As stated above, detection of free 3’OH by the in situ TUNEL assay strongly suggests that DNA strand breaks in spermatids are likely to result from an enzymatic process. As a major change in topology is observed during spermiogenesis, enzymes specialized in changing the topology of DNA become good candidates. These enzymes are termed topoisomerases and are grouped in two different classes namely type I and II, depending on whether they change the linking number in steps of one or two respectively [31]. Although both topoisomerases IIA (TOP2A) and IIB (TOP2B) are known to be expressed in testis, TOP2A is not detected in elongating spermatids [32], whereas TOP2B is present during chromatin remodeling steps [33]. However, if topoisomerases were indeed generating the observed DNA strand breaks, the terminal deoxynucleotidyl transferase (TdT) would not be able to gain access to any topoisomerase-induced DNA breaks due to the double covalent binding of TOP2B on both 5'-phosphate DNA ends [34] that is expected to create steric hindrance at the 3’OH therefore preventing the TUNEL labeling. Interestingly, results from our group indicate that expression of TDP1, a phosphodiesterase responsible for the removal of both TOP1-DNA and TOP2-DNA adducts [35], is coincident with TOP2B expression during the spermatid's elongation process [33]. Although TDP2 is known to preferentially interact with TOP2B, its expression has not yet been investigated during spermiogenesis. In addition, a recent study indicated that TOP2B activity could be inhibited by Poly(ADP-Ribose) Polymerases 1 and 2 (PARP1/2), which are themselves activated following TOP2B-induced DSB. Increase of poly(ADP-ribosyl)ation at break sites might cause early release of TOP2B, since it has lost its ability to bind DNA due to its interaction with the highly negatively charged polymer [36]. According to this observation, one may surmise that DSBs could be a direct result of an abortive TOP2B catalytic cycle during chromatin remodeling in elongating spermatids.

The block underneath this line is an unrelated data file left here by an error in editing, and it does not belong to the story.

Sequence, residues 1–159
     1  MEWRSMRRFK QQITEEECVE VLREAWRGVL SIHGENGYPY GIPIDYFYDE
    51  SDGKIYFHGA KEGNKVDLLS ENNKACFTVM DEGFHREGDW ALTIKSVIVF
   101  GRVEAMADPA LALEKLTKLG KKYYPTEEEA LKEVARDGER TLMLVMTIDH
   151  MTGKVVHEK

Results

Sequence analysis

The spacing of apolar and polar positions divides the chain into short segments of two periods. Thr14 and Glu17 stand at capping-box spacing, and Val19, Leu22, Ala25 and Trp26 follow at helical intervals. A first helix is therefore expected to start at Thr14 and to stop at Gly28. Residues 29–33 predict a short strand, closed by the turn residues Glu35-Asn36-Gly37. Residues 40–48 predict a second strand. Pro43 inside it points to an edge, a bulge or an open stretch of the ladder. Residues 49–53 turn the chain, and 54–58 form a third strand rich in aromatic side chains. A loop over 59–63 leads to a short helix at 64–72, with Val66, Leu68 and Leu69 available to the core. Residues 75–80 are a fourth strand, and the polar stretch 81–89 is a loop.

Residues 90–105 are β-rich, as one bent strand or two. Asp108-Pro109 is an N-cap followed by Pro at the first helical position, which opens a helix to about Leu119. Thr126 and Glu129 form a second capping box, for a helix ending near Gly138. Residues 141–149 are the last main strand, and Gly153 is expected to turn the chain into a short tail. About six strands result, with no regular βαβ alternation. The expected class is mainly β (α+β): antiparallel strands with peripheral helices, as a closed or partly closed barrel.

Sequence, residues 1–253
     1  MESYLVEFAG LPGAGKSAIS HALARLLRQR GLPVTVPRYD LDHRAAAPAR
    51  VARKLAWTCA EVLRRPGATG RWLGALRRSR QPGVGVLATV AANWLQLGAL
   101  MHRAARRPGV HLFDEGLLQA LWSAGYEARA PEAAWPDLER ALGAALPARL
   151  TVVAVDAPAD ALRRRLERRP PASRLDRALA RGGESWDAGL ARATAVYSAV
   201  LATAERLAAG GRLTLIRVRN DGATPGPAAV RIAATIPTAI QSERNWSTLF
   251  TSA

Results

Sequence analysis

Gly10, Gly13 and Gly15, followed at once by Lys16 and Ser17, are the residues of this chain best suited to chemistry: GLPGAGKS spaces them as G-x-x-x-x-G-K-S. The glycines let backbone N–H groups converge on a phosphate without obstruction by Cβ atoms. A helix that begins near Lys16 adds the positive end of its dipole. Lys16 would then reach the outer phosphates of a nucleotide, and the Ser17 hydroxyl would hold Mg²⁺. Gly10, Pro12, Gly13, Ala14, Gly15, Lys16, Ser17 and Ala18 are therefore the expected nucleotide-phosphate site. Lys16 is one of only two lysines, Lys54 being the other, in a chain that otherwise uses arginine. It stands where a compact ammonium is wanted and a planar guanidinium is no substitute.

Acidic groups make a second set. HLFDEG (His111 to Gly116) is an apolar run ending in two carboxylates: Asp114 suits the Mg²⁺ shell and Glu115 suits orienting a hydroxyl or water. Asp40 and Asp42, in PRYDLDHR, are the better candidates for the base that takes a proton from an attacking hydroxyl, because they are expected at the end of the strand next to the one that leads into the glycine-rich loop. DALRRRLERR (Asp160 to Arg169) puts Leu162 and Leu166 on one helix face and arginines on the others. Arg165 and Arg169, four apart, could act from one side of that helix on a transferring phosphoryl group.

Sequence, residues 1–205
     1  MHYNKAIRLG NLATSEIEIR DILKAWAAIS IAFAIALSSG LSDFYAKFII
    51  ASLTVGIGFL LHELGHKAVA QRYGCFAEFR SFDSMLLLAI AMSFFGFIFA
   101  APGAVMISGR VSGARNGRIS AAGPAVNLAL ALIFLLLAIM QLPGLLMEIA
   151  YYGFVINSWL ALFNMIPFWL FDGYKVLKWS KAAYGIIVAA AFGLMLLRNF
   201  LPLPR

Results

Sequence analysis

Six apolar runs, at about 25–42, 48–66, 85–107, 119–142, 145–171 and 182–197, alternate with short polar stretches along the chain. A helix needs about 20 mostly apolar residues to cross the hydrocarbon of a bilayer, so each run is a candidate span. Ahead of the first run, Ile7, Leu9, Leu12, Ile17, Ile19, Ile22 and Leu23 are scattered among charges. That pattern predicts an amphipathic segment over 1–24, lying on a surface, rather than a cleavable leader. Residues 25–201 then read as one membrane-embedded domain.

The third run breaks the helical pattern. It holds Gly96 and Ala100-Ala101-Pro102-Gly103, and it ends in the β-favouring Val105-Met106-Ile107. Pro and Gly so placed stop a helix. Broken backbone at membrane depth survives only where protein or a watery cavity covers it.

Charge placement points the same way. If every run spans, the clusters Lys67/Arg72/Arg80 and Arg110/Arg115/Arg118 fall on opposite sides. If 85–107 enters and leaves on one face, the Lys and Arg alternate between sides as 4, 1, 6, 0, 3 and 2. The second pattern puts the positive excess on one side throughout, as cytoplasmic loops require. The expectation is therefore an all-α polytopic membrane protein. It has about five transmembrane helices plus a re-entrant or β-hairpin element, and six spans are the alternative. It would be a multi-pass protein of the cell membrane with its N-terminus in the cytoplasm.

During meiosis, the SPO11 enzyme catalyzes the formation of DSBs required for homologous recombination [37]. SPO11 forms a dimer and is related to an archeal topoisomerase VI. SPO11 interacts with DNA in a similar manner to TOP2B, covalently binding the 5'-phosphate DNA ends but leaving a free 3'OH nucleotide because of an upstream endonuclease activity [38]. The free 3’OH then becomes available for TdT labeling [37]. Hence the possibility exists that this meiotic topoisomerase-like enzyme could be involved in the formation of transient DSBs observed in spermatids. Interestingly, round spermatid expression data indicate that SPO11 transcripts are present to a much higher level than those of TOP2B during early spermiogenesis [39]. This therefore warrants further investigation regarding the expression and the functional role of the SPO11 proteins in the formation of chromatin remodeling DSBs.